Directed by Colm Field & Ashley Belgrave
Written by Colm Field
Starring Celiya Koster, Jamaal Muhammad, Victor Santos, & Alfie Nash
Short Film Review by Chris Olson
A snapshot of life told in extreme close-ups, obscure framing, and...largely from the perspective of a rubbish skip. Filmmaker Colm Field's short film (co-directed by Ashley Belgrave) Skipped is peppered with lovely dramatic moments and tension, as well as delivering a visual landscape that is arresting in its banality.
Sarah (Celiya Koster) and Andre (Jamaal Muhammad) are in the process of clearing the former's flat out and filling up a skip of her unwanted possessions, things she will not need for her move to university which is imminent. The pair's relationship seems strong even facing this upcoming change, which is so often the catalyst for romance plots. The two banter as they chuck household furniture into the skip, and enjoy reminiscing about the memories that some of the items spark. Conflict strikes in the form of a hooded thug called Shox (Victor Santos) who briefly terrorises the couple, who are fortunately saved by a Good Samaritan neighbour (Alfie Nash). However, the damage to Andre's ego is perhaps more than he can handle right now.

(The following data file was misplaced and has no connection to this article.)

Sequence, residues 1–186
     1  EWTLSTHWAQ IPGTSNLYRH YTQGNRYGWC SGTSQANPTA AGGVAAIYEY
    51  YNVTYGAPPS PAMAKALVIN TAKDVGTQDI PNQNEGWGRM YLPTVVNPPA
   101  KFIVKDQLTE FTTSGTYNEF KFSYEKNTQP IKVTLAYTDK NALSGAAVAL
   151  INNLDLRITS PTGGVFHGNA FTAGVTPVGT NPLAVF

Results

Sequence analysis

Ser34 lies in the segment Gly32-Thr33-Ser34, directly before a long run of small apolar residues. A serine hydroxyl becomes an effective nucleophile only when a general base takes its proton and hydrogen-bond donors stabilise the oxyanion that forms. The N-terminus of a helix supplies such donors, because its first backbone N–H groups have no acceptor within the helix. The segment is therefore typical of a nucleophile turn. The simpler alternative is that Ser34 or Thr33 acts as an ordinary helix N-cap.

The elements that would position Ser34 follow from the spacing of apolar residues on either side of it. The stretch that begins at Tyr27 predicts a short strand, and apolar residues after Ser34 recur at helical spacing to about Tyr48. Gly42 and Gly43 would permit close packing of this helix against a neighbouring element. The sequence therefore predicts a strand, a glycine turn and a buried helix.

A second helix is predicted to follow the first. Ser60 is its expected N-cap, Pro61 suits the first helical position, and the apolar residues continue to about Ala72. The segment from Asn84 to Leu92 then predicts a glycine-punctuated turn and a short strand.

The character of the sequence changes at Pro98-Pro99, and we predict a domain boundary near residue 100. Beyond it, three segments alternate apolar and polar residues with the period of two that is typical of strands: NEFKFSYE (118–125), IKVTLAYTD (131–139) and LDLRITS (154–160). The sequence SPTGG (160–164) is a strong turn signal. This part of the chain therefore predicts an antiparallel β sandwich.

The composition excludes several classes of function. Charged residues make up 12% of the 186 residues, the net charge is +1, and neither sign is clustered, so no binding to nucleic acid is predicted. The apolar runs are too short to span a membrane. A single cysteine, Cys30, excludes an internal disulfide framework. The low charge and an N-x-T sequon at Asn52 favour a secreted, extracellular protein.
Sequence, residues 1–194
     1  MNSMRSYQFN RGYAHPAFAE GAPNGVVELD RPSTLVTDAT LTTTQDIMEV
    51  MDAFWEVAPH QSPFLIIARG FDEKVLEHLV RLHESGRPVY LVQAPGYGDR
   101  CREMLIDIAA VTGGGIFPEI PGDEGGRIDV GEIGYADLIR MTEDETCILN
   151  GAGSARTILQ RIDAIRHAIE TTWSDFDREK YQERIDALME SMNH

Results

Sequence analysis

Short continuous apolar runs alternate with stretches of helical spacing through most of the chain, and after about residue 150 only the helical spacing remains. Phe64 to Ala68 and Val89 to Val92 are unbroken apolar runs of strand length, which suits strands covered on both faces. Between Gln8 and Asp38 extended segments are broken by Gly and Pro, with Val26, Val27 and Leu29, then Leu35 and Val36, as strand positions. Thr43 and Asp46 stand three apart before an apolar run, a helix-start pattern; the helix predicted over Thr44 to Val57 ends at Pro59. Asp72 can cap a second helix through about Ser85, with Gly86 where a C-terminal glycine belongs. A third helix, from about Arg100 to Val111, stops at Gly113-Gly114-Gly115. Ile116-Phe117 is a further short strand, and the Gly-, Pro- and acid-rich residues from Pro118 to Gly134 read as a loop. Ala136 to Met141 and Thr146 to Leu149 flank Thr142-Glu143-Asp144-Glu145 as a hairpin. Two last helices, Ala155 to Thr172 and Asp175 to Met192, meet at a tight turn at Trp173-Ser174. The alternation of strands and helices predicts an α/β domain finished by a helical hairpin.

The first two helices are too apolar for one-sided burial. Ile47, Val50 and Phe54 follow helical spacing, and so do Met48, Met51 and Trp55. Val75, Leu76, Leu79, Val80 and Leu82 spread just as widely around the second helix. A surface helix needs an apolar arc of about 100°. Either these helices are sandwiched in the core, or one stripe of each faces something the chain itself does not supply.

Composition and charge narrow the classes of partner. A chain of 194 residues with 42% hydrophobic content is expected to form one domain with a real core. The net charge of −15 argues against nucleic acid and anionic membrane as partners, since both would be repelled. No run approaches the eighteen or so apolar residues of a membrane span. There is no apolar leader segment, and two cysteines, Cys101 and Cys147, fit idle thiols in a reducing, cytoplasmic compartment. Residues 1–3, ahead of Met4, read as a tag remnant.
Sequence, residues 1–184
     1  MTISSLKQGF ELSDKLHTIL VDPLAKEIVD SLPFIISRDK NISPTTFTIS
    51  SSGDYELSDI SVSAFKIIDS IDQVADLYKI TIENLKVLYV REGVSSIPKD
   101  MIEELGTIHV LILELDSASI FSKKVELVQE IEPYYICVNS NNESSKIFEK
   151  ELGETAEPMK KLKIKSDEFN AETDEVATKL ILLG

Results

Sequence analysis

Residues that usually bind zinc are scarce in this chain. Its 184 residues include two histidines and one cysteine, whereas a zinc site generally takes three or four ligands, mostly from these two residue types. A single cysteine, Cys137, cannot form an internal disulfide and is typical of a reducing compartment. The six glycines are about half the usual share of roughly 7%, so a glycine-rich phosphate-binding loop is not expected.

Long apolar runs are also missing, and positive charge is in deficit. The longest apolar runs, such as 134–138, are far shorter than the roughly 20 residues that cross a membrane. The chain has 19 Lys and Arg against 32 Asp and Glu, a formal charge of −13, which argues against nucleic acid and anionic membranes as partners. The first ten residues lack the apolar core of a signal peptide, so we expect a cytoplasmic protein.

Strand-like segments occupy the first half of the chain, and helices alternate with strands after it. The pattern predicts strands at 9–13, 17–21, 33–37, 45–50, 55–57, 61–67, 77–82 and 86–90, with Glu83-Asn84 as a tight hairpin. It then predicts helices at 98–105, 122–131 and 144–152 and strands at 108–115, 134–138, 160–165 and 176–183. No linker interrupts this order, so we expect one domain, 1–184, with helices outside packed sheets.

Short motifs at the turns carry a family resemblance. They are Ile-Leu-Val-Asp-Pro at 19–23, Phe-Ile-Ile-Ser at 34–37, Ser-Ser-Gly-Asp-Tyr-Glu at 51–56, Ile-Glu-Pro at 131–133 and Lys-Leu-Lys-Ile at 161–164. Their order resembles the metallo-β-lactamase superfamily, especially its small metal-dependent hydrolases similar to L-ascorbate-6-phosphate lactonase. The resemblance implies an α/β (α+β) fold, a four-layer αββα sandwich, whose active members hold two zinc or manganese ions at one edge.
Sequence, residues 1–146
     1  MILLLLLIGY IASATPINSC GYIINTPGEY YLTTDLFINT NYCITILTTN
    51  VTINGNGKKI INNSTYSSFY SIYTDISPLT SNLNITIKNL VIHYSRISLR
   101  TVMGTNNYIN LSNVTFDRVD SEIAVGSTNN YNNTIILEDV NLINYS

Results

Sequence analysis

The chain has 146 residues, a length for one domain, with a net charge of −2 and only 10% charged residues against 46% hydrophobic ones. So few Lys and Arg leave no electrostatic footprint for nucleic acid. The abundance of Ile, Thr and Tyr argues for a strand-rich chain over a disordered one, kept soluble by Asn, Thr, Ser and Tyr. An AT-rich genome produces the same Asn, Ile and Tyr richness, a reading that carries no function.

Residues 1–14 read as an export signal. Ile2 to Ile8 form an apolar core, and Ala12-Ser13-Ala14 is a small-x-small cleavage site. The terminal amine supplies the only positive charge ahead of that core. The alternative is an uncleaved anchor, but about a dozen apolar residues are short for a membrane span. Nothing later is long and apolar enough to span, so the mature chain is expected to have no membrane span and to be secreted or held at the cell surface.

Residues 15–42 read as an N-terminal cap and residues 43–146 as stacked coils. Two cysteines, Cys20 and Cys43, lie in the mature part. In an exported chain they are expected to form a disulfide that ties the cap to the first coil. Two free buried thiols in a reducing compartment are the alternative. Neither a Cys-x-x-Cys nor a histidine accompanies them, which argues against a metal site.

Visually, Skipped is loaded (much like the skip) with seemingly innocuous items that when put together create a beautiful tapestry of life from an alternative angle. The idea of perspective is a strong through line which is complemented in both the filmmaking and the story. These characters about to enter into proper adulthood are the perfect age for a tale about perspective. Andre's decision to focus on the attack on his masculinity rather than helpfulness of the neighbour shows his immaturity and lack of perspective. The smorgasbord of framing techniques which are supposedly from the angle of the skip creates a wonderfully eclectic collection of angles which felt both intimate and isolated.
The pacing of the plot left a lot to be desired. It would have been beneficial to flesh out more of the relationship's backstory. Furthermore, the introduction of the two character threats felt too bulky. One would have been enough and the drama which unfolded might have felt more coherent. That being said, I just wanted more which is never a bad thing for a short film!
Koster is bubbly and believable in her role as the woman torn between her man and her future. The small violent moments were handled well. Muhammad was excellent in his portrayal, managing to cope with several huge mood shifts within a very short sequence without dropping the heightened sense of conflict or drama.
For a movie that dares to be both mundane and bold, Field and Belgrave a short film that is tenacious, unique, and...ahem...littered with lovely visuals.